7. Nijay: I think that creeds are kind of like a straitjacket and do reduce one’s desire to explore all aspects of faith and belief. I studied for the ministry in the 1950’s, was drafted (I didn’t want to use a student deferment) and stayed in the military for eight years and never returned to my ministry studies. I did attend college for seven years.

    During that time in the USN, in addition to my regular electronics job, I served as an organist and helper to chaplains. My church background is so varied that I do wish to keep exploring all aspects of Christianity as well as other belief systems. My family consists on one Jew, one sincere and active Roman Catholic, one Lutheran minister, two Methodists (my father was a lay-minister), and free thinking me.

    I read a lot for a 80 year old and value my Kindle as my eyes aren’t so good any more and the Kindle allows me to magnify the type. My favorite authors are N. T. Wright, Rob Bell, Marcus Borg, Dominic Crossan and many others. Trying to put them all into one creed or any creed would be difficult. I am half way through N. T. Wright’s 1700 page “Paul and the Faithfulness of God” and it is quite a book. Paul is my main guide to faith. I think of him as a short, scrappy, loving man who probably wouldn’t have subscribed to any one creed.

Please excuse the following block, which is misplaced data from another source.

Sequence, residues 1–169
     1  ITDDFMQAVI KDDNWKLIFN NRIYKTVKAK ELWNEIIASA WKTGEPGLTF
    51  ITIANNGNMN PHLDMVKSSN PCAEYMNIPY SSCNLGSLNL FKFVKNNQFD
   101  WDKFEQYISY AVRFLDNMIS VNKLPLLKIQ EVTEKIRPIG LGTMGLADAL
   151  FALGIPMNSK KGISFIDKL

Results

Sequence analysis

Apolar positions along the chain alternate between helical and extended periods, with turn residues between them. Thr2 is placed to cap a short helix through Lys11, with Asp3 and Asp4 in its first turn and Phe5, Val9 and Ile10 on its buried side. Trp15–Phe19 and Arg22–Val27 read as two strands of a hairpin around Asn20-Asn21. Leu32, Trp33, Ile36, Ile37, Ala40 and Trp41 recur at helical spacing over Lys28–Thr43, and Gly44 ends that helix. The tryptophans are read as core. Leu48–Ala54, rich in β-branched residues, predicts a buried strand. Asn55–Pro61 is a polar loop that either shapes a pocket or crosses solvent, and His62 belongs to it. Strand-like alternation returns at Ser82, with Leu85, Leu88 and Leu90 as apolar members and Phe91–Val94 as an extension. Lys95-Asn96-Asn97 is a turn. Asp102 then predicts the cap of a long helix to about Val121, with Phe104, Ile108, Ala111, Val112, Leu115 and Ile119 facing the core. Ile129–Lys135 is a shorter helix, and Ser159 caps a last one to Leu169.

I just don’t like having to say I believe in something permanently and forever and saying a creed (and I’ve said many in a variety of churches) seems to limit my thinking.

  8. It seems to me, that like most people who do not believe theology is important, this attendee needs to encouraged to see how doctrine affects our worldview. When faced with similar circumstances, I have encouraged such individuals to meet one on one with me so that we can continue the discussion. Most often, such individuals just need someone who loves them to help them see the relationship between doctrine and our views!

    Tim